--pidtosignal, Specify a PID to which to send SIGUSR1 upon completion of the prepare phase. To bypass "rebootdelay" send SIGUSR1 back to startosinstall.
--converttoapfs, specify either YES or NO on if you wish to convert to APFS.
--installpackage, the path of a package to install after the OS installation is complete; this option can be specified multiple times.
--usage, prints this message.
--volume, path to the target volume.

Example: startosinstall --volume /Volumes/Target --converttoapfs YES

You see. That’s not the same output, and it depends on your SIP settings. And here is why.

Now. Some of you may have SIP partly or completely disabled, and will not notice the difference. Unlike me. I run my Mac/Hack with SIP fully enabled. That is why I get the first output, and thus I have change the SIP settings before I can use the –volume argument, because startosinstall requires – at least – either CSR_ALLOW_UNRESTRICTED_NVRAM/0x40/64 or CSR_ALLOW_ANY_RECOVERY_OS/0x100/256. Without one of these, the –volume argument won’t be supported.

Please note that this SIP requirement was first introduced in a Beta of Sierra 10.12.4, and I ran into it before, but the only reference I had were my own notes. Not exactly rocket science, but it is something that I wanted to share with you 😉

Happy Anniversary…

More than ten years ago I worked on code for VirtualBox. To get OS X 10.5 (codename Leopard) installed on it. And I can happily claim that I was the very first person to do it. That also triggered my attention to OS X.

At that time I left the Ubuntu developer community and started to work for Google Inc. And now. Ten years later. I’m still here. And I became the person who I am. A man now. A father of two great children. The husband of my beautiful wife. People who I love to pieces.

And you know what. Nobody expected me to stay this long. Many thought that I was somebody else. Because I helped my father and later my sister. As a sidekick – first public appearance as a hacker in 2012 and I started to blog in 2013. Boy what a joy that was. Fond memories.

Anyway. Even I thought that I won’t change jobs. Not ever. That is. Until I was asked for a job interview in the US of A. So I went. I listened. Got the offer for a great job, but I declined the offer.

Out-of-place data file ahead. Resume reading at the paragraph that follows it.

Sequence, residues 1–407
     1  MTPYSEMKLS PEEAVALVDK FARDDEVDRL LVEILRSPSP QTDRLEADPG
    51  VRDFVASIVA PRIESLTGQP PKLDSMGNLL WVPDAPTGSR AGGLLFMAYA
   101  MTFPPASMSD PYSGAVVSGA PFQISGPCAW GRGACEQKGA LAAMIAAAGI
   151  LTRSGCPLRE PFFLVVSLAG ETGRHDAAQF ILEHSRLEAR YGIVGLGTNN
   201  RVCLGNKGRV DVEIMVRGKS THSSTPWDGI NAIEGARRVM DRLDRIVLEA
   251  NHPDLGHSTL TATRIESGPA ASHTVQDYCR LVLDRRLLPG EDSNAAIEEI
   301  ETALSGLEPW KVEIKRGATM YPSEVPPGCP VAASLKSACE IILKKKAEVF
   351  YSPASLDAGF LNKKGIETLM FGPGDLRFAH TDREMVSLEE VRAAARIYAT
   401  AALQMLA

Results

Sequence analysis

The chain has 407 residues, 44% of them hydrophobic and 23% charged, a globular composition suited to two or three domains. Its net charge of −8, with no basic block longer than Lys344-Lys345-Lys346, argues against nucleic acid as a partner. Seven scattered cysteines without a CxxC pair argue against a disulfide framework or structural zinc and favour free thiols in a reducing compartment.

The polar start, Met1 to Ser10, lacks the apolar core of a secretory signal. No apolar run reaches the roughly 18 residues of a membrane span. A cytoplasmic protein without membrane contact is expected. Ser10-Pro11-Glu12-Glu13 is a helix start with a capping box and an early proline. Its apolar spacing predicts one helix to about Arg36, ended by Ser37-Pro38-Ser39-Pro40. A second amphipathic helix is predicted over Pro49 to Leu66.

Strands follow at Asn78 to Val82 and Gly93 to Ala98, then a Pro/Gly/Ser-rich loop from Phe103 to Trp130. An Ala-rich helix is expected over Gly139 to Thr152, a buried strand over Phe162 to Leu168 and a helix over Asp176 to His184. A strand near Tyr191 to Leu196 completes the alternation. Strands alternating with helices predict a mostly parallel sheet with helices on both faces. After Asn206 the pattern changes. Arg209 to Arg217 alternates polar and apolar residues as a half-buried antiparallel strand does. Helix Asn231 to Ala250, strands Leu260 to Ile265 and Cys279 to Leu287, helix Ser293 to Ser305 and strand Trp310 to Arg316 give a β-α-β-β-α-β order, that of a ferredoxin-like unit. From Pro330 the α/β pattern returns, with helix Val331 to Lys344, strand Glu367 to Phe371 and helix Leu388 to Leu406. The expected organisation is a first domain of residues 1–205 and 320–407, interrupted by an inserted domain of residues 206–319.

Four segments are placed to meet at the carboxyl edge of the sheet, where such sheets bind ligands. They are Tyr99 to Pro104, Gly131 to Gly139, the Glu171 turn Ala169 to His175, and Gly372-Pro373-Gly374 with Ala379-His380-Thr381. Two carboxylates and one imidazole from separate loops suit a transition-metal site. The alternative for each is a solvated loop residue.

Not that I didn’t like it, because I did, but I promised my mom to carry on her work. As a Doctor. To help people in need. Yeah mom. I made you that promise, and I am a man of my word, so I will do that. Happily.

This is also the reason why you see me using my title (Dr.) for the very first time, here, and in my scripts, and other source code. Something I have refuses to do for many years. Simply because this is not my day job.

Now what?

I am happy to announce that I am set to retire at Google next year, and do something completely different. This was a very difficult decision, and that was why, in part, we went off sailing this summer.

Also. You must have noticed that some of your comments got approved, some time before the actually reply. And you know what. There is a simple explanation for it. The approval is actually done by someone else. My very own sidekick (my wife Angélica who is working as one of the hosts in our hotel in Spain).

In other words. We will carry on with the legacy of Master Chief (Pike’s father) and Revogirl (Pike’s late sister). For as long as possible.

What about you? Will you be here up for another decade?

Thank you!

installSeed.py v4.0 released…

Update: version 4.1 includes two bug fixes and now also supports -a update (to install updates).

I still have some partitions with older versions of macOS High Sierra, and I ran installSeed.py v3.8 on one of them to get the latest beta, but all I got was the previous one. Hmm. That’s odd. That’s not the expected result. Something was wrong.

I checked the catalog data and noticed that we have two sets of updates. Hmm. An unusual situation. Which is not supported in version 3.8. I wanted to have it fixed a.s.a.p. and thus my work was committed 10 hours ago already. But I ran out of time, and energy, to blog about it so here you have it. I hope that installSeed.py v4.0 also works for you. Let’s look at the changes.

This is the output when you run: ./installSeed.py -t /

-----------------------------------------------------------
installSeed.py v4.0 Copyright (c) 2017 by Dr. Pike R. Alpha
-----------------------------------------------------------
Currently running on macOS High Sierra 10.13 Build (17A360a) 
Seed Program Enrollment: DeveloperSeed
Searching for macOS: 10.13.1

ERROR: target macOS version (10.13.1) not found. Aborting ...
       - you may need to use the -m <version> argument